This week, I am publishing a series of essays on Guaranteed Income and the ways it would change five people’s lives. Today, an essay from David Williams, edited by Meg Pillow.
David is currently working at a company committed to distributing ethically produced food, while writing his PhD thesis. David studies ethics and believes that some of our most significant ethical challenges concern the systems and supply chains we use to keep ourselves fed. These challenges range from concern for animal welfare, to access to affordable nutritious food, to worker safety and security. David strives to do meaningful work that take these challenges seriously while offering a compelling vision of the future.
I was working at a co-op in Minneapolis when the pandemic started. I saw people wear masks below their noses, below their chins, around their necks. I saw folks enter the store and immediately remove their masks. I saw a couple try on the masks we sold, pressing the cloth barrier up against their exposed noses and grinning lips, checking to make sure the style fit.
I saw customers wearing 3M respirators with pink multi-purpose cartridges. These masks entered the store in May 2020. They were the same style and color as those worn by both the people who marched in protest of George Floyd’s murder and the arsonists who set Lake Street on fire. Humvees patrolled at dusk, seeming to pursue both groups indiscriminately.
Prior to April, the CDC hadn’t yet clarified its nuanced mask guidance. Masks were crucial, essential even, but there was a shortage of the kinds of masks which are more crucial, more essential, for medical professionals. So in April and May we had only just begun to appreciate that we were risking our lives simply by breathing, shopping, working near one another. In April and May, shoppers, employees, arsonists, and protestors chose for themselves how seriously to take the global pandemic. Customers made new decisions each day.
We worked dutifully. We stocked the shelves with marshmallows, macaroons, and almond milk; with flour, rice, and toilet paper. We understood that we were doing valuable work to keep our community fed. We understood this when we talked with diabetic customers who needed low-sodium bread; we understood this when we helped customers parse labels for signs of gluten, eggs, or dairy. And we were happy to help people nourish themselves. That was our job. We didn’t expect that our work would ever involve a persistent chance of grievous harm. We believed there was no reason for our parents and our partners to tell us to be safe, no reason for them to wish or pray for us to come home.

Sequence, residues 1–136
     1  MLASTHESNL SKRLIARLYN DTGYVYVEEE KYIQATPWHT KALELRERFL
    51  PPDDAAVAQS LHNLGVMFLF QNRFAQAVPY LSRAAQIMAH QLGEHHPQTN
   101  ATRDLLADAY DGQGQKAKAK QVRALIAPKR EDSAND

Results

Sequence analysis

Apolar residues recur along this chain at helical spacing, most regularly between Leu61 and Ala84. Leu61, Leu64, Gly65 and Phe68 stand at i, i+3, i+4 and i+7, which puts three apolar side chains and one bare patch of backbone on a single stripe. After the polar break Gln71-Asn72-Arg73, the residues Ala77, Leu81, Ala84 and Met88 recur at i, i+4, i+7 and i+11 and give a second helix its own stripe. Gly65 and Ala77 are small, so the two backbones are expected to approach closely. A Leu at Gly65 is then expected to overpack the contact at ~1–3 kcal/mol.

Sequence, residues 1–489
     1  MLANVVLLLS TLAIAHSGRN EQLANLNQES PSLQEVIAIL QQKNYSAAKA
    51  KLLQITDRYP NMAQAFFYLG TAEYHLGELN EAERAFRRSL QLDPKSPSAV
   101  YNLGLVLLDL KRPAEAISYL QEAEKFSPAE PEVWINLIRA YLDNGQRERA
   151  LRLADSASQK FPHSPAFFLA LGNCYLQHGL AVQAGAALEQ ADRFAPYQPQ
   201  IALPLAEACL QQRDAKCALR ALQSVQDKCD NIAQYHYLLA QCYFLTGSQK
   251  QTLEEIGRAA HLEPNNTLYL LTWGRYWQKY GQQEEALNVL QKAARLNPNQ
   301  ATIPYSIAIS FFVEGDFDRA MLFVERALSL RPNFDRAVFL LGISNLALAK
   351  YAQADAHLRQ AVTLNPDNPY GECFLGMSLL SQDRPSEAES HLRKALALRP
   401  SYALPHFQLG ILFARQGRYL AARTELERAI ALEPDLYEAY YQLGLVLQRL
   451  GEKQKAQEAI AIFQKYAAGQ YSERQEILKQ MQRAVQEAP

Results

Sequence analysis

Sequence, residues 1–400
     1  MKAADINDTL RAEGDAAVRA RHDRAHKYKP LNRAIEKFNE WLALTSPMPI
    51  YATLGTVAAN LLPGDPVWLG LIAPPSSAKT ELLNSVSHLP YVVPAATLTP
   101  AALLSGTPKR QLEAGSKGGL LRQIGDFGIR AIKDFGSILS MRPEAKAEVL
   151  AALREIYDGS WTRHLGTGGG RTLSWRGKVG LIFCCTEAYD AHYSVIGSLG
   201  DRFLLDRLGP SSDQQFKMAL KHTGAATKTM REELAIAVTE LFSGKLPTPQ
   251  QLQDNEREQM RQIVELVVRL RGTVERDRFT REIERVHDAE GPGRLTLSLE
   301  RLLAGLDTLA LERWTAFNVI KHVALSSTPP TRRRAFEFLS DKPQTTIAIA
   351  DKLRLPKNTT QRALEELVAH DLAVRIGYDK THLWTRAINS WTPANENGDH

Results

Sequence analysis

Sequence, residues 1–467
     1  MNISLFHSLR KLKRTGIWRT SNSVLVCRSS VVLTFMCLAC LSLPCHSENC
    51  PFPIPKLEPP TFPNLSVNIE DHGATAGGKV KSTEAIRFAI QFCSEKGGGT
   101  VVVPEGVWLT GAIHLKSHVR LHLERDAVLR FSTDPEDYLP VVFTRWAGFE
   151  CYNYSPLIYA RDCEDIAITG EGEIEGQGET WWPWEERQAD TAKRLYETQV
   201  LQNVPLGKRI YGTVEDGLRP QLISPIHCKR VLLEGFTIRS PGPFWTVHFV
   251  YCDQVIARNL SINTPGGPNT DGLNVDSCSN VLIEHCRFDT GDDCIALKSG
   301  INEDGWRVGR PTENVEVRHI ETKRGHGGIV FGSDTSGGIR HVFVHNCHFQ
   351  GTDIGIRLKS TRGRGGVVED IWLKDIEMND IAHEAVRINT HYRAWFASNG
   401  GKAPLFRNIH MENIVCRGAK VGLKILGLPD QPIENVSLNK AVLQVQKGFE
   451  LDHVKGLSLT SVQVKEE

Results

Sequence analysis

Sometime between the riots, the burning of Lake Street, and the brief moment where food workers, postal workers, teachers were cheered as heroes, the manager of my store offered me a purple cloth mask which a customer had sewn and donated to the store. My glasses fogged as I exhaled; the mask softened, moistened. I inhaled, and I smelled stale saliva, the odor changing as it evaporated and rehydrated over the course of several hours. My first donated mask pressed against my nose in a way that required my jaw to hang slightly open in order for me to breathe fluidly. I worked my shift, the mask holding the day’s moisture, my jaw stiffening, my glasses in the breast pocket of my overalls.
Several times in May, we were sent home early or asked not to report to work—for riots, for COVID-19 exposures. We closed earlier and opened later than usual so we could sanitize the store and staff could walk or take public transportation without fear. We were handed documents which explained the apparent breach of curfew, should the police stop us: we were essential workers, reporting for service. I biked to work, south, down Portland Avenue, past Lake Street; smoke rose in the air behind me. Before we had finished preparing the store for the morning, the manager decided we would not open that day or the next. Someone made arrangements to donate food that would expire in the meantime. Black smoke continued to fill the sky as I biked home. A book store was burning on Chicago Avenue.